Willie the Giant is a riot. The pink bunny bit is always humorous, and he has an air of menace and true threat when he needs to. A great villain for Mickey and friends. Anita Gordon plays the harp, her voice is beautiful and flows really well.

The dialogue is good, but I wish that the puppets and girl were kept out of it, and the narrator regained focus on the short. There is a version where Sterling Holloway dubs in his narration and I would much prefer that. The characters all have good dialogue that helps move the plot along, and again, Donald ranting is always good.

The effects are also very well done. The backgrounds are awesome, using scale really well, and the transition from Happy Valley to Sad Valley always amazes me. The animation during the beanstalk scene is fantastic, with the individual tendrils reaching for the moonlight, and the climax is breakneck and tense.

The music is infectious, and the opening song, My What a Happy Day is still stuck in my head, hours after watching. Fe Fi Fo Fum is funny, with Willie messing up the lyrics (this is still quoted by my father to this day) and forgetting his place in the song. My Favorite Dream is great, because it’s not just a beautiful song, it’s a plea to whoever is listening to be kinder to one another. It really reminds me of Over the Rainbow in that it’s an escape song for the singer, thinking of a better place to be, and My Favorite Dream now has a haunting side to it that the lyrics belie. A lot of the melodies for these songs are also fitted into the score, tying the music and songs together.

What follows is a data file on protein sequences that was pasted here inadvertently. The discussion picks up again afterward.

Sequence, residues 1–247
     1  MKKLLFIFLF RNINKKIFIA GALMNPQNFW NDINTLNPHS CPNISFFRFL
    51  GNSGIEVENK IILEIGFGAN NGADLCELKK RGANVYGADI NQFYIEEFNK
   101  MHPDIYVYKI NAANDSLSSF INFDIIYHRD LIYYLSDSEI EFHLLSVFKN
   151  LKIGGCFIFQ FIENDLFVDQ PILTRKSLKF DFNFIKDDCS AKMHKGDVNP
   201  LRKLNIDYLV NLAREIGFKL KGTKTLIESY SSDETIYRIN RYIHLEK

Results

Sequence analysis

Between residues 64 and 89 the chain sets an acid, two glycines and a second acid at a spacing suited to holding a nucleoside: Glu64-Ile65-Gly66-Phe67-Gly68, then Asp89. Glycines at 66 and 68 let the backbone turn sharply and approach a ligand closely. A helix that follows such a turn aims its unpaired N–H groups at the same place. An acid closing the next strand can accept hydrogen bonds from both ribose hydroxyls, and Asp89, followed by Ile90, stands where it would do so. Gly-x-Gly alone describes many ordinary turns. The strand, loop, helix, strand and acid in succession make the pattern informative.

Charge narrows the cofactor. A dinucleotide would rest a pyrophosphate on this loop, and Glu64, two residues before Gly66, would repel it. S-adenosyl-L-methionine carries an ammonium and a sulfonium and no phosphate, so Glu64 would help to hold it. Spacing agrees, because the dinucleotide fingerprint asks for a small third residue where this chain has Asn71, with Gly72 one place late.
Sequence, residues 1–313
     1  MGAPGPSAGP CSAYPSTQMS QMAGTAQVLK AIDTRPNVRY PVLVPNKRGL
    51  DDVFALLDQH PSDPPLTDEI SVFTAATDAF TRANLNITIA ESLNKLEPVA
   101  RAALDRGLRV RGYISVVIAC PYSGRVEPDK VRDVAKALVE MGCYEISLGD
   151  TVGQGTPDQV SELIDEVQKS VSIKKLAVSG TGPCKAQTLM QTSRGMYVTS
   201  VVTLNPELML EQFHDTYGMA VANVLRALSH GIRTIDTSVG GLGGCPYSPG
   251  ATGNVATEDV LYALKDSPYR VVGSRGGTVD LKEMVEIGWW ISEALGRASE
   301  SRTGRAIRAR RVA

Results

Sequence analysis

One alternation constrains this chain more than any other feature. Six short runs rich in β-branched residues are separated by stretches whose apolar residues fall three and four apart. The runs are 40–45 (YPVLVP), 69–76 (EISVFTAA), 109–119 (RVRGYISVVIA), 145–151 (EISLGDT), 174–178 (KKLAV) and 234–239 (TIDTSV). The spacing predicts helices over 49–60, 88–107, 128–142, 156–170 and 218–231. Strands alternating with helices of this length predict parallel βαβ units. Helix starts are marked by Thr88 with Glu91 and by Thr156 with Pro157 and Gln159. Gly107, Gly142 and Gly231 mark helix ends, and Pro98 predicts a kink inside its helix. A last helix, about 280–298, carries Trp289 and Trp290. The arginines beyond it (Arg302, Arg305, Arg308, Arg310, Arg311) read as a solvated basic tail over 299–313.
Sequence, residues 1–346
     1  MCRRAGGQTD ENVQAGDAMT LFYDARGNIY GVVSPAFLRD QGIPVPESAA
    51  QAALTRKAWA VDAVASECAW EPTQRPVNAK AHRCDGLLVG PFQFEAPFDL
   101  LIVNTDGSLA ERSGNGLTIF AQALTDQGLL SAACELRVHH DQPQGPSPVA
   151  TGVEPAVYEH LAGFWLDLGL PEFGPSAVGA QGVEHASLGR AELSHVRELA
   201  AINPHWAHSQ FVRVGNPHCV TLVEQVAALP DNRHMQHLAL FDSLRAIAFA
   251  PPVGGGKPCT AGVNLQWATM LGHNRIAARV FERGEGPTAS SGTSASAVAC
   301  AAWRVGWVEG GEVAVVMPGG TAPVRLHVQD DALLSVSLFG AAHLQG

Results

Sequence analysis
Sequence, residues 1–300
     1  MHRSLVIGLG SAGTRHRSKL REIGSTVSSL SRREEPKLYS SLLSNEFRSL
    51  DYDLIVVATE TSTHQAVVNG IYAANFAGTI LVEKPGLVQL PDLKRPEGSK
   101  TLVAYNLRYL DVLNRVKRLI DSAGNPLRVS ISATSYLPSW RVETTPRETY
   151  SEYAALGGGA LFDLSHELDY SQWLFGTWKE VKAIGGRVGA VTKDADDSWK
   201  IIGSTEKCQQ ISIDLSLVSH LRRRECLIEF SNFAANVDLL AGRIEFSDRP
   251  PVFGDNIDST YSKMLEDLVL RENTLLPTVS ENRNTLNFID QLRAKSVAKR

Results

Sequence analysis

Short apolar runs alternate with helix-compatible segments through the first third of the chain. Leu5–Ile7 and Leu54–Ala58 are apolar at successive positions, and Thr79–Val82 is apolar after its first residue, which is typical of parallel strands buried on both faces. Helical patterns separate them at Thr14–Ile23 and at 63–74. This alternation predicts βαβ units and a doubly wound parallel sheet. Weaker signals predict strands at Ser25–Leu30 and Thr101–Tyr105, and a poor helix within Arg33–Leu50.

While this film has it’s good and bad moments, there really is a lot to celebrate here. The ‘Mickey and the Beanstalk’ segment is worth the price of admission, though it is somewhat tainted by the framing device. The Bergen segments are droll and uninteresting, have very few good lines and are kind of creepy now. The Bongo segment has good animation and effects with a good song, yet the message is the one of the worst that Disney has ever put out there. Finally, the opening portion is just happy, light fluff without much substance other than to get Jiminy Cricket back in a film. He’s a good character, but not good enough to save this film.

Image: Disney, D23.com

My OVERALL Rating is 65%.

Next time, it’s Melody Time!

Stay tuned!

Leave a Reply

Fill in your details below or click an icon to log in:

WordPress.com Logo

You are commenting using your WordPress.com account. Log Out /  Change )

Facebook photo

You are commenting using your Facebook account. Log Out /  Change )

Connecting to %s